NEW YORK (CBSNewYork) — Every parent knows how costly it can be to dress their children, especially when they grow out of clothes so quickly.

But now, you don’t have to buy, you can rent your kid’s clothing — even designer duds from the likes of Dior and Fendi — at a fraction of the cost, CBS 2’s Kristine Johnson reported.

A $1,000 dress for a 2-year-old, a $500 jumper for a 12-month-old, and a $300 suit for a 4-year-old — if you think these designer duds are just for the kids of the rich and famous, think again.

“It’s not often possible for us to afford an $800 dress for your 6-year-old, but we can rent the runway,” said life and style expert Andrew Nodell. “So if you open up a magazine like Life & Style and you see Suri Cruise wearing a beautiful dress, you can now do that with these websites.”

Websites such as Borrow Mini Couture and Wearhop offer deals like a $600 Dior dress that you can rent for five days for just $99.

But it’s not just fancy labels that are for rent, Johnson reported.

“This retails for over $40 and I think I rented it for about $13,” said Ellen Schmidt.

Schmidt, a mother of two, rented her daughter’s birthday dress from the site Wearhop.

“A Ralph Lauren dress or a Lily Pulitzer is going to cost you and chances are your child is not going to wear the dress more than two or three times,” she said.

Schmidt said renting her children’s clothes is less about dressing like Beyonce’s daughter and more about saving money. She’s rented clothing for an entire season for about $20.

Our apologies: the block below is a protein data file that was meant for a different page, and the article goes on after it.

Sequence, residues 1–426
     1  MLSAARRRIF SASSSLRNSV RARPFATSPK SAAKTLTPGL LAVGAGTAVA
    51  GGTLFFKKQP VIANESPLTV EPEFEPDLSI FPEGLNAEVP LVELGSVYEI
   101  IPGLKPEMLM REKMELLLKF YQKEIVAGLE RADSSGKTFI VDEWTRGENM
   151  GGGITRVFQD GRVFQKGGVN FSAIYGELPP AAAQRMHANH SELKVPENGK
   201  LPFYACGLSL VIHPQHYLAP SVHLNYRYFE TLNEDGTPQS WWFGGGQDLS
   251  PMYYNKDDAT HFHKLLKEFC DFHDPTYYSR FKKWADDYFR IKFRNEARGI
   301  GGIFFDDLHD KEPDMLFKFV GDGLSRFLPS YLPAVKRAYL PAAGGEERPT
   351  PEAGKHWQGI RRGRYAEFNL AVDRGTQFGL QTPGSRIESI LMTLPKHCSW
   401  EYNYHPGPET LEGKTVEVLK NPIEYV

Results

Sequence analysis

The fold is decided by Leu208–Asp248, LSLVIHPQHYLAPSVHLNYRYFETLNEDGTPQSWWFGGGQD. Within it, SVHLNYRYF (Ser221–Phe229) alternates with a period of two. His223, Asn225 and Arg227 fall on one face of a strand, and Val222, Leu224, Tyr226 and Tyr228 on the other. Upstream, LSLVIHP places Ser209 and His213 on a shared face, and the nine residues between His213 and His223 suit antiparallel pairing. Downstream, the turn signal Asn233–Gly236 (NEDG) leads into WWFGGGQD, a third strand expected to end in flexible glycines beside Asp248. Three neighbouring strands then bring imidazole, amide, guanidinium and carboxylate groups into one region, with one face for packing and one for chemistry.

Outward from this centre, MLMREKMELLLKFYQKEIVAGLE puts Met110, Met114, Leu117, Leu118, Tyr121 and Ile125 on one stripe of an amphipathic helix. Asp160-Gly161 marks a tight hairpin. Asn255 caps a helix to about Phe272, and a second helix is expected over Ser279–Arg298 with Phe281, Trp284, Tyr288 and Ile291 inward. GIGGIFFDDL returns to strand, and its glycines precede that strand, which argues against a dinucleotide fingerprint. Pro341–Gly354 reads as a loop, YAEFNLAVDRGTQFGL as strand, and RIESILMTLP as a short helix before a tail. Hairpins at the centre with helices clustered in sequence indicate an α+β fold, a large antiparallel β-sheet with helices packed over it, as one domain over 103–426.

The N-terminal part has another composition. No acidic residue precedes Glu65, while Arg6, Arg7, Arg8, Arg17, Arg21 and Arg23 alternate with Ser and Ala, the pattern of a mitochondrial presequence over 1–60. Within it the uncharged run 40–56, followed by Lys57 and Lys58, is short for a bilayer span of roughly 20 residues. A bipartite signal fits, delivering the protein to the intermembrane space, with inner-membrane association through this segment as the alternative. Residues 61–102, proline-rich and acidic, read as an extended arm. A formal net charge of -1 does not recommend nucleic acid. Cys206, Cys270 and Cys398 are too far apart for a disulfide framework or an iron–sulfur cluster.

“The last thing you want to do is have a bunch of clothes in your closet that the child has outgrown,” said Katerina Newell, owner of Wearhop.

Newell said parents use her company to rent every day clothes, special occasion dresses, suits, even  outerwear, Johnson reported.

“The typical customer is probably a mom who really likes to dress her kids in nice clothes but who’s also smart about it,” Newell said.

Although renting high-end clothes may make sense to your piggy bank, some parenting experts warn it may send the wrong message and start your child down a materialistic road early on.

“It puts values on items instead of the individual,” said parenting expert Leigh Anne O’Connor.

The companies clean the clothes before each rental and make any necessary repairs, like replacing lost buttons.

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